Birder’s Notebook by Bob Andrini: 29 October Entry. I can’t talk about fall migration without mentioning the dark-eyed junco. They visit us for the winter when the weather changes up north. What causes them to head south could be many factors: the angle of the sun; changing amounts of sunlight: food source being depleted: could be multiple of factors. Whatever the cause, they start showing up in October and tell us that the fall birding season has arrived.
The plumage of the dark-eyed junco has been described as “laden skies above, snow below”. Some people call them the ‘Snow-bird’, for that is when they typically appear (or are noticed). In fact, Anne Murray recorded a song called ‘Snowbird’ in 1960’s about these birds.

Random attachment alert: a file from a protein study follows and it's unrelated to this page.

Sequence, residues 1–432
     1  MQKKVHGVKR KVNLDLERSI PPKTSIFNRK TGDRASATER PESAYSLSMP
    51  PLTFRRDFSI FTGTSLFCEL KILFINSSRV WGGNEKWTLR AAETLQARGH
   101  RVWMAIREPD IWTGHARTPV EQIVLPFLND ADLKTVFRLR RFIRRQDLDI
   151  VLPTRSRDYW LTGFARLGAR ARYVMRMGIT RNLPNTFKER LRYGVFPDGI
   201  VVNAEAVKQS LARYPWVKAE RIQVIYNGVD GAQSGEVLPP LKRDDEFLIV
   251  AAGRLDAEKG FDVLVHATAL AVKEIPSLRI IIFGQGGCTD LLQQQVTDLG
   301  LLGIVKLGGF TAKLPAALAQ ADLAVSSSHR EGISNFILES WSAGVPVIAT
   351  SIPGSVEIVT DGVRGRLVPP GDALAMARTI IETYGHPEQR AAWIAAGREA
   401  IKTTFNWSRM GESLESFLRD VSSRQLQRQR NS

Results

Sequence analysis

Since they come and stay in the same area all winter, they establish a hierarchy (with more dominant birds chasing their subordinates) – this winter watch to see if you can see such a pattern.
Field marks for the dark-eyed junco include: gray overall except for white lower belly: white outer tail feathers; pink bill. Often as the birds fly away, they will display their white outer tail feathers. Males will usually be darker than females